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    Australia Dogs Snoop

    Sure, it may once have been the dumping ground for the world's worst criminals, but even Australia has standards for entry. And unfortunately, Snoop Dogg didn't quite make the cut.

    The rapper has been barred from showing up Down Under after failing a so-called "character test" from the Australian government, which refused the artist entry into the nation Thursday because of his extensive criminal record.

    "He doesn't seem the sort of bloke we want in this country," Immigration Minister Kevin Andrews told Sydney's Macquarie Radio.

    "This man has been a member of a Los Angeles gang, and is still associated with it apparently, that's been involved in murder, robberies and drug dealing in the L.A. area."

    The 35-year-old "Drop It Like It's Hot" rapper, whose real name is Calvin Broadus Jr., was due to touch down in the country this week to perform and present at Sunday's MTV Australia Video Music Awards, hosted by Nicole Richie.

    Andrews said that Snoop was informed earlier this week of the ban via a notice of intention to cancel his visa—a resolution Andrews said came about only after repeated warnings to the rapper.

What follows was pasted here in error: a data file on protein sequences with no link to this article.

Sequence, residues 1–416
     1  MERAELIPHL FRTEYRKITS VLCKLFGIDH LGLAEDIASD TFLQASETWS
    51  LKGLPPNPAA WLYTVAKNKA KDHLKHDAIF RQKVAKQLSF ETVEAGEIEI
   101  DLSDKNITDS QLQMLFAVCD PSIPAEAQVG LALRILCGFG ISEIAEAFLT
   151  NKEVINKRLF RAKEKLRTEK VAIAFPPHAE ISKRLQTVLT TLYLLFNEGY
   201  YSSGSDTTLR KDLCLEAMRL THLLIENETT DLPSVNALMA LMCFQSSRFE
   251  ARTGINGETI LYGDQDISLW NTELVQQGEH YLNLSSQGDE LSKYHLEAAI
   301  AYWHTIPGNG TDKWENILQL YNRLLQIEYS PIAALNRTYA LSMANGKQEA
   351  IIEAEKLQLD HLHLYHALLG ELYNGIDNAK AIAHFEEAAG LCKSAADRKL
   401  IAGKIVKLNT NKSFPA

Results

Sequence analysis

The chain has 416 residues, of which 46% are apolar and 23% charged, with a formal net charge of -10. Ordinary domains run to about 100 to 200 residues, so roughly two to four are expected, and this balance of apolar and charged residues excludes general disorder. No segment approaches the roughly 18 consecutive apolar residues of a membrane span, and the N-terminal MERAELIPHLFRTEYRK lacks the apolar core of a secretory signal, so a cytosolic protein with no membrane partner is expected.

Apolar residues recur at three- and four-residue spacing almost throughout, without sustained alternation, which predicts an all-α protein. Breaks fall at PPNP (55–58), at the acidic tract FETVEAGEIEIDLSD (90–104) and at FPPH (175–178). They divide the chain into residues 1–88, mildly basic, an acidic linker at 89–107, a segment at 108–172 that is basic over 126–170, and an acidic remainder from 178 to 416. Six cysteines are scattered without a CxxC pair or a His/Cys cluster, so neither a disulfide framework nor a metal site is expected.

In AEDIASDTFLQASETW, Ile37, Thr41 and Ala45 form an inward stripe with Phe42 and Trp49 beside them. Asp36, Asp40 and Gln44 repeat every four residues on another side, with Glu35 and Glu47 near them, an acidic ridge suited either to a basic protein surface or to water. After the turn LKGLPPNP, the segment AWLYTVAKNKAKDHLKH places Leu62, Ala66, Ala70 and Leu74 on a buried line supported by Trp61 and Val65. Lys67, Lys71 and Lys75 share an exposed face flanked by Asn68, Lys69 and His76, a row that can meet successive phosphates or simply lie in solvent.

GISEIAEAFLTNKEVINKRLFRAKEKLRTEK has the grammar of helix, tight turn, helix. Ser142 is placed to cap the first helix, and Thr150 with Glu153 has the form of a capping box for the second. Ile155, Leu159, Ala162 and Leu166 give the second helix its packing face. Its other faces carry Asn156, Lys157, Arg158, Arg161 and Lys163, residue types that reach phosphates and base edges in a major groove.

"The reality is in relation to this man, that he was given a warning the last time, he has a whole string of convictions."

    Unlike a regular tourist who would only need a U.S. passport, Snoop would need a visa because he'd be working in the country.

    Immigration authorities first alerted Snoop to his tenuous status back in February, when he overstayed his visa by two days and was given an official warning. At the time, the entertainer was informed that he could face a ban if he got into any more legal altercations, because the character test the country carries out on prospective visitors takes into account criminal activity.

    But earlier this month, Snoop pleaded no contest to a pair of felony gun and marijuana violations stemming from separate arrests last fall. He was sentenced to five years of probation and ordered to serve out 800 hours of community service.

    The rapper has 28 days to appeal the ban, but even if he does Snoop will still be forced to sit out Sunday's awards. MTV has yet to announce a replacement for the performer.

    Meanwhile, Donald Etra, Snoop's Los Angeles-based lawyer, said he had yet to speak to his client about the ban and has refused to comment.

    It's not the first time the Doggfather's bad behavior has caused a change in his travel plans.

    In March, Snoop and Diddy were forced to drop a string of concert dates in the U.K. after the arrest-prone rapper was denied a British visa over concerns about his past incidents.

    The hip-hopster caused quite the ruckus back in April 2006, when he and five members of his posse were arrested at London's Heathrow Airport on charges of violent disorder after getting into a brawl with police and airport staff over the use of British Airways' first-class lounge.

    As a result, Snoop and his cronies were issued a lifetime ban from flying on the airline and, the following month, was denied a visa to reenter the country.

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